This is depicted in part in the vision wherein John saw: “a woman clothed with the sun, and the moon under her feet, and upon her head a crown of twelve stars:  And she being with child cried, travailing in birth, and pained to be delivered” (Rev. 12:1-2).

Now, we see from John’s vision that this “woman” is described in rather beautiful symbolic terms because she is said to be “clothed with the sun, and the moon under her feet, and upon her head a crown of twelve stars,” which would not have seemed unfamiliar to the Apostle John because there was an historical context to be found in the life of the patriarch Jacob.  For we read in Genesis that Joseph had a dream, and this dream was understood by his parents and his brothers, and what he told them was that:  “the sun and the moon and the eleven stars made obeisance to me.  And he told it to his father, and to his brethren: and his father rebuked him, and said unto him, What is this dream that thou hast dreamed?  Shall I and thy mother and thy brethren indeed come to bow down ourselves to thee to the earth?  And his brethren envied him; but his father observed the saying” (Gen. 37:9-11).

It is not too difficult then to realize that most biblical expositors and interested readers of the Bible could figure out how this symbolism applies to the tribes of Israel based upon what we know of Israel’s history from the prophets and the historical accounts of their rulers who presided over the Commonwealth of Israel.

Notably, then, what grabs our attention next about John’s vision is that he also saw a “great red dragon” that had “seven heads and ten horns, and seven crowns upon his heads” (Rev. 12:3).  We are then told by John that this “red dragon” had the power to conscript a “third part of the stars of heaven,” reasonably understood to be the demons, and this dragon that appeared in John’s vision “stood before the woman which was ready to be delivered, for to devour her child as soon as it was born” (Rev. 12:4).  [Author’s emphasis throughout.]

Leaving little doubt that this is referring to the birth of Jesus.

In practical terms we know that Jesus was confronted by both religious and political figures during his earthly life, and during his ministry he dealt with a great many problems that afflicted the peoples who lived in the areas of Galilee and Judea in regard to demonic possession, but at the end of his ministry we see that what was brought against Jesus was the imperial government of the expanding Roman Empire.

This was summarized somewhat in the response of those who learned of how God had delivered Peter and John from the authorities, and they agreeably stated that:  “the kings of the earth stood up, and the rulers were gathered together against the Lord, and against his Christ.  For of a truth against thy holy child Jesus, whom thou hast anointed, both Herod, and Pontius Pilate, with the Gentiles, and the people of Israel, were gathered together, for to do whatsoever thy hand and thy counsel determined before to be done” (Acts 4:26-28).  (See also, Ps. 2:1-2.)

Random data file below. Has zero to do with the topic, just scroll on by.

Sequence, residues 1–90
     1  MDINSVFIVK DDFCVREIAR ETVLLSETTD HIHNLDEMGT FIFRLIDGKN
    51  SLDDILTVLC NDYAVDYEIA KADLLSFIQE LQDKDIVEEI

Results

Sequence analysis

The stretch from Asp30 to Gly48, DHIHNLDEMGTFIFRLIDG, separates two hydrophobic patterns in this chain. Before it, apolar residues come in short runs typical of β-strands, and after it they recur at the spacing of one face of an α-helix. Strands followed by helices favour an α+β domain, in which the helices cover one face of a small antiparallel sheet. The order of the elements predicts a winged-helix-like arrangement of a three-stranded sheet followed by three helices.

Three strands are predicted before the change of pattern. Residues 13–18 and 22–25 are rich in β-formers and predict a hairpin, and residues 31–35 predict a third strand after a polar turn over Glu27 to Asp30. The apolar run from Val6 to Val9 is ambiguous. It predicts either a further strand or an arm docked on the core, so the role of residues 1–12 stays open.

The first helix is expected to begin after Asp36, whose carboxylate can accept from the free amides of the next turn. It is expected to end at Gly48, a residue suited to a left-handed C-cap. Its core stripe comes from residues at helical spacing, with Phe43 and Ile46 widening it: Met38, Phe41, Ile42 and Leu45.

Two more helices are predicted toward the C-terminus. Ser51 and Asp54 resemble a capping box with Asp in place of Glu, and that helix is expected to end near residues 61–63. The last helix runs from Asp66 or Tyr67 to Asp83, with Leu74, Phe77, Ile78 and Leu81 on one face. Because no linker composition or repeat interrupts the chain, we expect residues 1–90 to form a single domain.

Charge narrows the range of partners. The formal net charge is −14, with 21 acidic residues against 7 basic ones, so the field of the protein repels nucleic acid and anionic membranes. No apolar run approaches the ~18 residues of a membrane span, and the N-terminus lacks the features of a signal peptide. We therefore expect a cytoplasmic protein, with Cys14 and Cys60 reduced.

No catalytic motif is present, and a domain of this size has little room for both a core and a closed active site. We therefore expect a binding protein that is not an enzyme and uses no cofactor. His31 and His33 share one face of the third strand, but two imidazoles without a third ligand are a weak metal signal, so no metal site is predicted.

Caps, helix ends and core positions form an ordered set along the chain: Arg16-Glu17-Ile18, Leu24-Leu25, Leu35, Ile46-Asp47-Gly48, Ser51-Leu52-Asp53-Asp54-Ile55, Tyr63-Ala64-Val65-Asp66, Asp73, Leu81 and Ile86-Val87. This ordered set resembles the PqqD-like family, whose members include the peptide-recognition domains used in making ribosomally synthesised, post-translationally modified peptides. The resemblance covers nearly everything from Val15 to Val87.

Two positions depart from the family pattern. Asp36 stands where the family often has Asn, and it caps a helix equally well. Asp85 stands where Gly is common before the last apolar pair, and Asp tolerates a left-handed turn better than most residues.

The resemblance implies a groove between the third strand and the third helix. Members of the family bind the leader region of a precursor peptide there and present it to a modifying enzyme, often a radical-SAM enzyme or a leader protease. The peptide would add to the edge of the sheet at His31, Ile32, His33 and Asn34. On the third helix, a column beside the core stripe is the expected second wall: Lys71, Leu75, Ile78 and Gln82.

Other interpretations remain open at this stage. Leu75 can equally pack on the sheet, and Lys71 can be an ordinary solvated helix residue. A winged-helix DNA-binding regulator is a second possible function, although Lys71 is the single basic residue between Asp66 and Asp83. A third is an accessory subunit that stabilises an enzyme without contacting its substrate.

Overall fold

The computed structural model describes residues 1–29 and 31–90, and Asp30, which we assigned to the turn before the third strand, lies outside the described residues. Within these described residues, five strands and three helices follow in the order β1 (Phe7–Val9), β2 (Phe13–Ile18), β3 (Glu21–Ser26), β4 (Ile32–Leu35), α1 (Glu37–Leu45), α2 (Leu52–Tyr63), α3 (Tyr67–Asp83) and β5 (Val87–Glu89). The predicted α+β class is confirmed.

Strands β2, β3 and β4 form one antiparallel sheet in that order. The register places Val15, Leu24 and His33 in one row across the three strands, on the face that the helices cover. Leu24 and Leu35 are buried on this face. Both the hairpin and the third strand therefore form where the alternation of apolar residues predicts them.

Implying, of course, that Satan has the capability of influencing human nature and the collective will of some world leaders and to steer their respective political decisions, which gives us some insight into how we may explain the spiritual nature and underlying influence behind globalized war, and the continual political upheavals and acts of violence—including terrorism—among the nation-states, which is often complicated by an uncooperative and continually reorganizing World Order.

Therefore, given this historical context it is reasonable to conclude that this symbolic woman represents the complexity and completeness of the Commonwealth of Israel, even though it was for the most part already dispersed from its homeland at the time of Jesus’ birth in Bethlehem and during his ministry in Galilee and at Jerusalem.  Noting, importantly, that the commonwealth was not scattered and dispersed after the death of Jesus, but the remnant that was political Judah was eventually broken some years after Jesus’ ascension by the might of the growing Roman Empire.  (The wars of the Romans certainly influenced the shaping of peoples and tribes in Eastern and Western Europe, and expectedly this had a later influence on how nation-states developed in this area of the world, especially in the latter half of the 19th century, which would have included some of the dispersed tribal groupings of the former Commonwealth of Israel.)

Then John tells us that this “woman” who gave birth to the child would at some time be forced to flee “into the wilderness, where she hath a place prepared of God, that they should feed her there a thousand two hundred and threescore [1,260] days” (Rev. 12:6).

Bringing us then to one of the foundational verses used to claim that the church of God will be taken miraculously to a “place of safety” before the return of the Christ.

So, what then are we to understand from such a statement as this that this woman would be forced into the wilderness, and that by an unspecified means she would be sustained for a period of about three and one-half years?    (Continued in part two of this series.)  (andrewburdettewrites.com)

See also:  Is There a “Place of Safety” for the Church?–Part Two